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My rhythm method (and where I stole it from) 😆

Ebbing and/or flowing, I’m not quite sure which, with my friend Neil Pasricha
(I just love the ‘vibe’ of this photo 🙂)

My rhythm method

As a young consultant, I remember coming across someone describing the *real* experience of change.

This brave executive said something like this:

“We pick a target.

We run like hell towards towards it.

Then we stop and figure out where we are.

And then we go again.”

I didn’t know much then, but I knew that this felt like truth.

It felt like life.

A potted history of project management 

That’s not how people tell you that change works.

Perhaps you’re familiar with Gantt charts. They look a little bit like a sideways view of stairs.

They map a well-behaved project.

First, this task in this assigned time. That …

… then steps down to the next task, also with an allotted time.

This is not truth. This is not life.

Gantt charts are a delusional act of fiction. (This makes my point, nicely.)

Something called agile mostly replaced Gantt charts, which does a better job of dealing with reality.

My favourite variation on agile comes from the people at Basecamp, a software company founded by Jason Fried (author of the usefully provocative, Rework.)

Basecamp is well known for being consistently profitable, being very focused on solving problems for its customers, and being restless about finding the best ways to work.

Their book Shape Up (ebook at no cost here) explained the rhythm of their work. Here’s my simplified version:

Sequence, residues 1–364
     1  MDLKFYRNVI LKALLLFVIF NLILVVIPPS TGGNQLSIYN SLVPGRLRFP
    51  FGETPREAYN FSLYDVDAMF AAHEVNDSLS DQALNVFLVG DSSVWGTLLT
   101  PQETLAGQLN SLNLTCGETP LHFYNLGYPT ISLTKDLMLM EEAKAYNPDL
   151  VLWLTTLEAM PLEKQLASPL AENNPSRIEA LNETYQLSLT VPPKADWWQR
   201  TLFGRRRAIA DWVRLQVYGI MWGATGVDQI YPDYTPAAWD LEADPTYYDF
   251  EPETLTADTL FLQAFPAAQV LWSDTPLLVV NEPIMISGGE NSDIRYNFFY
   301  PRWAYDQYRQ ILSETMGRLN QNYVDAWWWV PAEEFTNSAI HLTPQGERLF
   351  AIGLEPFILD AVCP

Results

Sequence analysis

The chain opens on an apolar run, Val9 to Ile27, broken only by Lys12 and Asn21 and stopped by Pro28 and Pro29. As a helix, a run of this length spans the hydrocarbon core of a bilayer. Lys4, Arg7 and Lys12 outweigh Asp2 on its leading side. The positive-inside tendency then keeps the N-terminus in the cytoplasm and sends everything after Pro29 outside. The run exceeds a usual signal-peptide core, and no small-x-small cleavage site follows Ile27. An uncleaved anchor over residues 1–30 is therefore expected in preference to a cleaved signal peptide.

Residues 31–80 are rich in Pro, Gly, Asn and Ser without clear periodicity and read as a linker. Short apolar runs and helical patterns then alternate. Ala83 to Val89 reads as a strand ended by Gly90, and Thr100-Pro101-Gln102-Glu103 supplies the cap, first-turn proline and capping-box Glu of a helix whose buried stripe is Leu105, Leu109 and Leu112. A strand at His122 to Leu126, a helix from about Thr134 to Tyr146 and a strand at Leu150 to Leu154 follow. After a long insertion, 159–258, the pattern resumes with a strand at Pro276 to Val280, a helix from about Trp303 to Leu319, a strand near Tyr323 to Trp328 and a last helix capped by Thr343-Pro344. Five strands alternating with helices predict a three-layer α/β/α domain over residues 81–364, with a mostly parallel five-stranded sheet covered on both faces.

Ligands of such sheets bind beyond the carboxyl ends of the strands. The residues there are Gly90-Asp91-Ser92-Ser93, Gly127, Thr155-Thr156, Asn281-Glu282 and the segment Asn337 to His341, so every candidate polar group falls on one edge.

Figure out your best guess of what to work on.

Six weeks on.

Two weeks off.

Repeat.

Six weeks to work hard on an agreed project. Two weeks to stop, step back, depressurize, reset, reassess, and start figuring out what the next six week focus would be.

In six weeks, you can make a LOT of great progress.

And if your six weeks turn out to be not successful, as happens predictably enough every now and then, well, it’s only six weeks. You have five more six-week cycles in a year.

Two weeks in between each, because you need to surface, see the bigger picture, check whether the hole you’re digging is still a good hole, and get ready for the next push.

You can’t grind all the time

Working out, taking a break.

Breathing in, breathing out.

Volume up, volume down.

Life is best when there are moments of intensity, and there are moments of stepping away.

Six weeks on, two weeks off is the rhythm we use in The Conspiracy, our community where people make on-going progress on the projects that matter to them.

If you’d like support to use this rhythm to do some of the best work of your life, doors open on Friday for one week only.

Join The Conspiracy membership community for our May onboarding.


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Michael Bungay Stanier

Michael Bungay Stanier

I'm the author of five books that have collectively sold more than a million copies. I'm the founder of Box of Crayons, a learning and development company that helps organizations move from advice-driven to curiosity-led. I'm the host of the *2 Pages with MBS* podcast.